As a result of the above, I now include the Affidavit and Counteraffidavit as an exhibit to the divorce complaints I file and serve so there is absolutely no doubt that they are served personally upon the opposing party.  Even if the parties have been separated for less than two years, I modify the Affidavit to say something like “the parties will be separated for two years on [date]” just to ensure maximum compliance and clarity.  I highly recommend other family practitioners to do the above as it helps streamline the process, ensure compliance with both the Rules and local custom, and eliminates any question as to the service of the Affidavit and Counteraffidavit.

Part of an attorney’s practice is not just to know the laws and rules applicable to a certain case but to also have familiarity with the idiosyncrasies of a given Court Clerk as he can cause a case to bottleneck in his office and stymie its progress.  Unfortunately, as with me above, these lessons are sometimes learned through trial and error, but through the trial a new and more efficient practice has emerged and I hope it helps other family law practitioners as much as it has helped me.

A Judge’s Dishonorable Friends

Two New Jersey judges, Raymond Reddin and Gerald Keegan, are the subject of ethics complaints due to the company they allegedly keep.

 

Anthony Ardis, a former official Passaic Valley Sewerage Commission, was indicted by a state grand jury in 2011 for alleged misconduct and various crimes such as directing staff workers to do personal work for him.  Mr. Ardis is also friends with the two aforesaid judges.

 

Judge Reddin is a childhood friend of Mr. Ardis and Judge Keegan has been his friend for some twenty-five (25) years.  The three (3) men are members of the Cathedral of Saint John the Baptist Roman Catholic Church in PatersonNew Jersey.  In addition, they founded what appears to be a healing ministry of the Cathedral called Bartimaeus Family which was inspired by the battle of cancer suffered by Monsignor Mark Giordani.  The three (3) men would have dinner and attend Mass at the Cathedral each Thursday along with as many as thirty (30) other people.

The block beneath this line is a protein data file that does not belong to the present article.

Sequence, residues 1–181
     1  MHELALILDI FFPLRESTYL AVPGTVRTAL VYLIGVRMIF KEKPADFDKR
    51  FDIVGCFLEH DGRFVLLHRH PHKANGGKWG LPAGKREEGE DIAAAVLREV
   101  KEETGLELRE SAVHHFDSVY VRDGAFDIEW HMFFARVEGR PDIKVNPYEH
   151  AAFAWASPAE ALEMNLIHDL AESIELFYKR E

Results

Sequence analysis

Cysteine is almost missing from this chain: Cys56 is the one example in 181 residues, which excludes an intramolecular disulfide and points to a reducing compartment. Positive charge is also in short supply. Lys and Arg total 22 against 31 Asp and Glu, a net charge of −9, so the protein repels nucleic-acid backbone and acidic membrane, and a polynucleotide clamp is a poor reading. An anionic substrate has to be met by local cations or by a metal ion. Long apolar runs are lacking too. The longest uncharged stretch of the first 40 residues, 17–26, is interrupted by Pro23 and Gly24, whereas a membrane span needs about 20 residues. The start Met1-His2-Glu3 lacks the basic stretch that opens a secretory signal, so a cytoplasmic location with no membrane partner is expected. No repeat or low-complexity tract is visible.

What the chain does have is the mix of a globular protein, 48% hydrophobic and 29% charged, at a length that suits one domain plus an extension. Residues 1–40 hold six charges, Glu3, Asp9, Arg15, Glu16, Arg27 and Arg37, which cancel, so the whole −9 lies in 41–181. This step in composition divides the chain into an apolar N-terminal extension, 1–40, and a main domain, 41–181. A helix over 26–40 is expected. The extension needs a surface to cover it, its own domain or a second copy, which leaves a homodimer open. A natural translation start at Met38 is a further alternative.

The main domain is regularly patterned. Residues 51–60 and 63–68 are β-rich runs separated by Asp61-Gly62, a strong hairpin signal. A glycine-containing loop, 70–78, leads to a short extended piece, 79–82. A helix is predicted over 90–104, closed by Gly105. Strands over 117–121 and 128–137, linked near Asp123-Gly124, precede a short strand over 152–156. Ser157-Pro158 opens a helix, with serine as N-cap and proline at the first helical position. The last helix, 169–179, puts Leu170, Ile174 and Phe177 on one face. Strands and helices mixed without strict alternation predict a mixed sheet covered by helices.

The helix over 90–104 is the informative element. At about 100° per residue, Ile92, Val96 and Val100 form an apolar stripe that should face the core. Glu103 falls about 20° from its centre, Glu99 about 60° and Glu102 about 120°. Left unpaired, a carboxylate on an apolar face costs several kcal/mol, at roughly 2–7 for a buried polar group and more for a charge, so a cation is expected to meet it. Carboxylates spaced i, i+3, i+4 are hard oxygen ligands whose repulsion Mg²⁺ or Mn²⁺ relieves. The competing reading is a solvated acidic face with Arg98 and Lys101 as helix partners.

Despite the indictment of Ardis, the two (2) judges continued participating with Bartimaeus Family while simultaneously sitting as judges in the same Court district as indicted Mr. Ardis, and therein lays the rub when it comes to members of the judiciary.  The New Jersey Advisory Committee on Judicial Conduct alleged that the judges’ continued attendance at meetings of Bartimaeus Family with Mr. Ardis created an appearance of impropriety and had concerns that the integrity of the judiciary would, therefore, be compromised.  Canon 1 of the Code of Judicial Conflict, which requires judges to maintain high standards of conduct, as well as Canon 2A, which requires judges not to take an action which compromises the confidence and integrity in the judiciary, and Canon 5A(2), which requires a judge’s extrajudicial activities not demean the judicial office, were all citied to justify the ethics complaints about the judges.

 

This matter is still developing as the criminal case against Mr. Ardis is still ongoing and the judges will presumably respond to the allegations made against them.  Of course, there is denial of impropriety all around and, in fact, Judge Reddin has been a highly rated jurist in the past.

 

This situation illustrates the predicament in which judges often find themselves.  In order to remain compliant with the expectations to avoid even the appearance of impropriety, it would seem that judges must choose between their position and things that are potentially innocent and innocuous like maintaining contact with a lifelong friend or attending a church or community group which may happen to also have someone of questionable repute among its membership.  Does a judge have to give up friendships?  Does the judge endorse his friend’s or the other member’s conduct?  Indeed, does he even know the member or about his conduct?  Perhaps not, but situations such as the one described above make it clear that a judge must remain ever vigilant, perhaps even to the point of avoiding public contact with certain people, in order to ensure full compliance with the expectations upon them and their office, including the codes of conduct applicable to their jurisdictions.